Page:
Yuri’s Night: A low key celebration of one of the USSR’s few success stories
|April 15, 2012||Posted by Tom Soden under science|
On April 12, 1961, in the barren desert steppe of Kazakhstan, a large rocket carrying a lone man blasted off into the unknown. The rocket, a modified R7 Semyorka (NATO designation: SS-6 Sapwood), was little more than a converted nuclear missile, carrying a small, undeniably Soviet-looking Vostok spacecraft instead of the 3-ton thermonuclear warhead for which it was intended. The occupant’s name, of course, was Yuri Gagarin.
I’m telling you all this because last Thursday was the 51st anniversary of the first human spaceflight, a landmark achievement probably still unparalleled (except perhaps by the moon landings) in human history. Sure, technologically Sputnik was more important (for showing that orbital spaceflight was possible), but there is a big difference between sending up an 80kg aluminium basketball and a human being who expects to return to Earth mostly intact. That both were done within four years of each other in complete secret by a country that had a universal reputation for backwardness and a less than perfect (to say the least) human rights record is a sheer miracle.
The USSR had a space program that was underfunded, undervalued, and maintained mostly out of propaganda value by various competing technological bureaus – quite literally the polar opposite of NASA. It was mainly held together by the brilliance of a small, terminally ill ex-Gulag prisoner who as chief designer was so vital to the program that his identity was only revealed after his death in 1967. Sergei Korolev, the man in question, remains relatively obscure worldwide but unlike his slick American counterpart Werner Von Braun he was more or less singlehandedly behind most of the “firsts” the USSR claimed in space in the 50s and 60s: first animal in space, first man in space, first spacewalk… Much fuss is rightly made of the American achievements, such as projects Mercury and Apollo, but many forget that before 1968 the Russians had pretty much won. It was only in that year, with the death of Korolev from lung cancer and the disastrous accidents with the N1 (the Soviet answer to the Saturn 5, and in my opinion much cooler) that the Russians ground to a somewhat inevitable halt. Although the Russians kept sending cosmonauts into space, and even sent the first robotic rovers to the moon in 1970, the damage was done. The Americans landed on the moon, and never again would things look as good on the other side of the Iron Curtain.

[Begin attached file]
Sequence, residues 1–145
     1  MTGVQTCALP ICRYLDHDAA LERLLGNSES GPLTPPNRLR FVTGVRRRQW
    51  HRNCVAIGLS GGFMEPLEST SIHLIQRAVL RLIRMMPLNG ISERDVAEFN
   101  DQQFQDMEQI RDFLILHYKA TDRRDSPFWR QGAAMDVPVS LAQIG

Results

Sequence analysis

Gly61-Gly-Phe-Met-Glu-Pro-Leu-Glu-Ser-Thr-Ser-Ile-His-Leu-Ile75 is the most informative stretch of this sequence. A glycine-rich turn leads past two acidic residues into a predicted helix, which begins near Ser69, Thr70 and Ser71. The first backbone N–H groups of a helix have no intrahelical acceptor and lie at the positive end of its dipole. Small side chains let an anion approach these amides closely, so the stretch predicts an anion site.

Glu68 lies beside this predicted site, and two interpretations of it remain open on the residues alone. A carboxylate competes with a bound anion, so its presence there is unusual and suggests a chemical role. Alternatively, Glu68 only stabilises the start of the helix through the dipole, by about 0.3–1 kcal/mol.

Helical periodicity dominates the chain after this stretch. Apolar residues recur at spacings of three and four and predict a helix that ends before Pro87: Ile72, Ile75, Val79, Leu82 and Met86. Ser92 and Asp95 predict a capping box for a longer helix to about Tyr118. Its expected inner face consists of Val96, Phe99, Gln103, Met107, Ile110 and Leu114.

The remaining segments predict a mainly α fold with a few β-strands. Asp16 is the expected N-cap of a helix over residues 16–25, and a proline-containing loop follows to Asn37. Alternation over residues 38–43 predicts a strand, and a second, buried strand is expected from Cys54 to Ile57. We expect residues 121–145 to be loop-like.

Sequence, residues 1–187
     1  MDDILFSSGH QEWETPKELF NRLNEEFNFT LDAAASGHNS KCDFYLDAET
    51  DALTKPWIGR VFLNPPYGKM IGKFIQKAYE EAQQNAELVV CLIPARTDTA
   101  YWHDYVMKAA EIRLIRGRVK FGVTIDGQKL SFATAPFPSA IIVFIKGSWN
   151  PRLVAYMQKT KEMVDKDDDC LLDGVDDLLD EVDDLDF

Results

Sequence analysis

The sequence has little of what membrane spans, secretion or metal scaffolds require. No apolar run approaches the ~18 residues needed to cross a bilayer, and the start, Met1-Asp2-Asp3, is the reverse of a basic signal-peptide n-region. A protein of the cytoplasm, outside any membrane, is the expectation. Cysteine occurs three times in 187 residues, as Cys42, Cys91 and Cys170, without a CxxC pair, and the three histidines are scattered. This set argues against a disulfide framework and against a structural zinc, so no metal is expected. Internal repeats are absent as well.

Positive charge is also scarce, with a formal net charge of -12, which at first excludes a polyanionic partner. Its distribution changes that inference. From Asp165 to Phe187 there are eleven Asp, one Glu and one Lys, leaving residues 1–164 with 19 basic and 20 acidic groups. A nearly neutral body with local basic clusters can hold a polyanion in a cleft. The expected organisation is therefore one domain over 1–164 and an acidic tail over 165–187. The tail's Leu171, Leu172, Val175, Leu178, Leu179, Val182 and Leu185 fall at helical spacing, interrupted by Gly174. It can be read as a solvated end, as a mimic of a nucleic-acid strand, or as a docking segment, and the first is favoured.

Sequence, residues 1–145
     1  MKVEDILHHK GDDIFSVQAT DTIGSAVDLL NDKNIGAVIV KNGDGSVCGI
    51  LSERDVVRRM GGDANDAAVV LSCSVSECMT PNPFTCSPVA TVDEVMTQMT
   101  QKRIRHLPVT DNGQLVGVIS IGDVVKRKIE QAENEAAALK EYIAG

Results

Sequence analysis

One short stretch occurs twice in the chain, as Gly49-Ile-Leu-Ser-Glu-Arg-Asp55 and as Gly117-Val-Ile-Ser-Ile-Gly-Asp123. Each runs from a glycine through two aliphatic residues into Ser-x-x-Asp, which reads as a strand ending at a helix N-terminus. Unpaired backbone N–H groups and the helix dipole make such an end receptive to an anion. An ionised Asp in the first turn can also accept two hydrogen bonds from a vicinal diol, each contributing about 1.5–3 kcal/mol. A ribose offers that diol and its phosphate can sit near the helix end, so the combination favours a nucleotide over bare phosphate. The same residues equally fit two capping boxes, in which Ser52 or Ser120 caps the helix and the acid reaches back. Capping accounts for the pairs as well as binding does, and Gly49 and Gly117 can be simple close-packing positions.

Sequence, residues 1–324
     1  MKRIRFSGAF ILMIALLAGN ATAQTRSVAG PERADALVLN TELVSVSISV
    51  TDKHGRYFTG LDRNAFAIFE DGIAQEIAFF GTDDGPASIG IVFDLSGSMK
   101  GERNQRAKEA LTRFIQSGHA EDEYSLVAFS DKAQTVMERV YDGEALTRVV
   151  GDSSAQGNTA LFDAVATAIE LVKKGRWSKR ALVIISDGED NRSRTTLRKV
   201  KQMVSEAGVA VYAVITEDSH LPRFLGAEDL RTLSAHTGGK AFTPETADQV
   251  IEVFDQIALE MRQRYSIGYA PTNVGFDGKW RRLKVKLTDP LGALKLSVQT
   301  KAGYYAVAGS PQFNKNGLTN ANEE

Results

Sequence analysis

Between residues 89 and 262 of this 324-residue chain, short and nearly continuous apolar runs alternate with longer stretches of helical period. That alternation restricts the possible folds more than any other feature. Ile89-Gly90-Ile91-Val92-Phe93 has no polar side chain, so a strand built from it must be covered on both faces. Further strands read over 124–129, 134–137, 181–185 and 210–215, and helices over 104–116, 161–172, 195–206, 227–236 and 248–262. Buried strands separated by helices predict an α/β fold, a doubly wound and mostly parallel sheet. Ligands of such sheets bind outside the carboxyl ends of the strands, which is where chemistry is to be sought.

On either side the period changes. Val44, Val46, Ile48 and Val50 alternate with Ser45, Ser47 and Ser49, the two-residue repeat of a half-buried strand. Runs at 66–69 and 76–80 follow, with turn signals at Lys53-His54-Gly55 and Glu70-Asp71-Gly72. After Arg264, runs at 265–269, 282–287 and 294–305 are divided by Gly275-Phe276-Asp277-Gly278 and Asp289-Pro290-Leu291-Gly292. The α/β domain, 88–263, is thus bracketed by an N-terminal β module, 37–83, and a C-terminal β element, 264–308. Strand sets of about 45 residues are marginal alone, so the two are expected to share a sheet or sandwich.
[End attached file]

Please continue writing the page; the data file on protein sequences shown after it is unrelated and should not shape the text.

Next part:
Today, the situation is completely different. With the loss of the American space shuttle programme, Russia is now the sole nation routinely supplying the International Space Station with crew via its Soyuz aircraft, itself approaching its 50th birthday. With the danger of manned spacecraft becoming no more than a living memory, Yuri Gagarin still seems to be a symbol of the glory days of spaceflight: a small and cheerful man with a memorable smile (his words on blast off were reportedly: “Let’s go!”), the constant publicity and propaganda tours, including to the UK, eventually took their toll, and he never went into space again, eventually being killed in 1968 when his MiG 15 crashed in uncertain circumstances.
Since 2001 April 12th has been celebrated as Yuri’s Night, a worldwide event that raises awareness of space exploration – and to a lesser extent the science fiction that it inspired. Although little known, in an age when India and China look set to dominate the final frontier, it’s good that the people who made it possible are getting some recognition.